How We Think About Digital Moat Sources and Threats

19 October 2018 | by Todd Wenning, CFA

A few weeks ago, I wrote a feature article for Investors Chronicle, one of the UK’s largest investing publications. The article focused on how the “digital revolution” has and will continue to impact the formation and destruction of economic moats. Since Warren Buffett began talking about economic moats more than 30 years ago, the competitive landscape has dramatically changed in most industries with the rise of software, internet, and platform-based business models.

At Ensemble, we insist on owning companies whose economic moats we believe will persist – and ideally grow wider – over the next decade and beyond, as well as companies that are creating economic moats. As such, we would be remiss if we didn’t consider how new technology and innovations affect our companies – both in good and bad ways.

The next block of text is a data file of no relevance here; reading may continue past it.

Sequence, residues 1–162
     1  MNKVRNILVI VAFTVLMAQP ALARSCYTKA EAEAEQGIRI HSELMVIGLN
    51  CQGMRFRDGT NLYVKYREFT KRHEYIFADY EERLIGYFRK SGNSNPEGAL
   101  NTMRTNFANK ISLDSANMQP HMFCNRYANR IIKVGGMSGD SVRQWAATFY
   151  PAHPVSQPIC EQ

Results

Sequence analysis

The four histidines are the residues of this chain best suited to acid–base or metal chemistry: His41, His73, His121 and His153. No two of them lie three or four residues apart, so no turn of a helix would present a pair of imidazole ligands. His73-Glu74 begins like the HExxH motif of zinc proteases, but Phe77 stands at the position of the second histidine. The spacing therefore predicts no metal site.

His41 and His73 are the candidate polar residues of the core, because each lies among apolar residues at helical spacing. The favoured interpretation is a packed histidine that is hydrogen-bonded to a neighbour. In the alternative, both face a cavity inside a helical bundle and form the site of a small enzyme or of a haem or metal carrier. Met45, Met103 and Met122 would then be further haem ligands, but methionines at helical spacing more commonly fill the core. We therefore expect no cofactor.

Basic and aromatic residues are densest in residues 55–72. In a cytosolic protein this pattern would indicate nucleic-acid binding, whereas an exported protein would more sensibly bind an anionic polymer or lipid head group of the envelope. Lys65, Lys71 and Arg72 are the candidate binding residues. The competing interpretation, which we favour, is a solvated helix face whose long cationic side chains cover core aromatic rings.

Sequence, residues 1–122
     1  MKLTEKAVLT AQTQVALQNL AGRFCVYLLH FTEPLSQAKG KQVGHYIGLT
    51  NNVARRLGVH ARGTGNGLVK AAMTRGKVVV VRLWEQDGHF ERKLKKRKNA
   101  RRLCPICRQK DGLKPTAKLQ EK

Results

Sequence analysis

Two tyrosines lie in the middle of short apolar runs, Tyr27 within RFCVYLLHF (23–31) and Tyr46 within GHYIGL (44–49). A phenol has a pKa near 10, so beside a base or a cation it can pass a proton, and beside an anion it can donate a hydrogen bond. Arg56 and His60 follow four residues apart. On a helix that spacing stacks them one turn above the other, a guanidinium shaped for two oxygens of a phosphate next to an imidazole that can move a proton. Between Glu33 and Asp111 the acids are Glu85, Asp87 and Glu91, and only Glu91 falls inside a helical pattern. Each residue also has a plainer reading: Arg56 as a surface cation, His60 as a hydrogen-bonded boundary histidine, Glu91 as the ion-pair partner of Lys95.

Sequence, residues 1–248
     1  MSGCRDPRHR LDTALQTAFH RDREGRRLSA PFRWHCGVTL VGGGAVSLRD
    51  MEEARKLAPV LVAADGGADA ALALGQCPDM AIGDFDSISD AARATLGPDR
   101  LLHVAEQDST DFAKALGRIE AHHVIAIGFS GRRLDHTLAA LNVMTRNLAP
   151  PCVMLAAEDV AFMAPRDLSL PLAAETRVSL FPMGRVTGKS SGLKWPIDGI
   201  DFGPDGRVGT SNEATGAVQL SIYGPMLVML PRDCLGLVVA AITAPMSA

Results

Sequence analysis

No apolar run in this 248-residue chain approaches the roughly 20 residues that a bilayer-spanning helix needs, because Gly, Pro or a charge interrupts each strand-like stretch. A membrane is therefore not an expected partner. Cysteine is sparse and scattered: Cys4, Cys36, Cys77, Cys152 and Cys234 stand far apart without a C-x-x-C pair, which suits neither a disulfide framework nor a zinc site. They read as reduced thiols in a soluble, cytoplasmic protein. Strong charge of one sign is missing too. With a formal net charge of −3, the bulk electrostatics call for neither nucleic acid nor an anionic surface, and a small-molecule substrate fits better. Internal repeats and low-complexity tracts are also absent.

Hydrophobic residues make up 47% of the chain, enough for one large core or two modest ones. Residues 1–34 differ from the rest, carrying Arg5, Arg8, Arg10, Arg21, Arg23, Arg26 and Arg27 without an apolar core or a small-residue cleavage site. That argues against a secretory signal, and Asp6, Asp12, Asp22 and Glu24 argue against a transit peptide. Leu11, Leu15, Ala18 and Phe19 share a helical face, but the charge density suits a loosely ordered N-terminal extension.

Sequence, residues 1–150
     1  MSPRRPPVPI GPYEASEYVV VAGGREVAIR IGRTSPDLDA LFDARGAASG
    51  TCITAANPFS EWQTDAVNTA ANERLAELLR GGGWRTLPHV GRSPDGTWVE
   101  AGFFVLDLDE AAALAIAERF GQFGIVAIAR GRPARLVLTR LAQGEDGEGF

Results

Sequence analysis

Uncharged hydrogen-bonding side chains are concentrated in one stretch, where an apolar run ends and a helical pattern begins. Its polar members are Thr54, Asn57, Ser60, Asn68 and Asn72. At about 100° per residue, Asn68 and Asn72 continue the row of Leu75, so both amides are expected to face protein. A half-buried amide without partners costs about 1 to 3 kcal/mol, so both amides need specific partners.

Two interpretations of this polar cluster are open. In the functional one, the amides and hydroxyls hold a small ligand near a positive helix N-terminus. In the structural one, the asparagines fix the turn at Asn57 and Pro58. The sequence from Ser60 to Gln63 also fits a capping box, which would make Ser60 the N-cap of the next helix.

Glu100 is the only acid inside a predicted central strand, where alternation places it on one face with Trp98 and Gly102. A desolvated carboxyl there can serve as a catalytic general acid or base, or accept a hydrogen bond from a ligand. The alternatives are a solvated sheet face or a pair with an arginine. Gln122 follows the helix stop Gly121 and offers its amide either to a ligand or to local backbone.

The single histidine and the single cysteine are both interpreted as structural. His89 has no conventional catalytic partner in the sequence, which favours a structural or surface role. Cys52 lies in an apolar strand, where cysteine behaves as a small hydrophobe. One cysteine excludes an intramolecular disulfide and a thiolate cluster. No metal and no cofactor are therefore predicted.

To illustrate, one of the reasons we’ve broadly avoided the consumer staples space in recent years is that low-cost, targeted, and effective online advertising empowered start-up brands and disrupted a key “search cost” advantage that big brands held for many decades. Further, we’ve invested in companies we think are culturally agile and seek to embrace and integrate helpful innovations – for example, Starbucks’ use of mobile payments and Schwab’s robo-advisor capabilities.

Please enjoy the article and, as always, feel free to contact us with questions and comments.

Click here for the article, “Digital Champions”

As of the date of the post, clients invested in Ensemble Capital Management’s core equity strategy own shares of Starbucks (SBUX) and Schwab (SCHW). These companies represent only a percentage of the full strategy. As a result of client-specific circumstances, individual clients may hold positions that are not part of Ensemble Capital’s core equity strategy. Ensemble is a fully discretionary advisor and may exit a portfolio position at any time without notice, in its own discretion.

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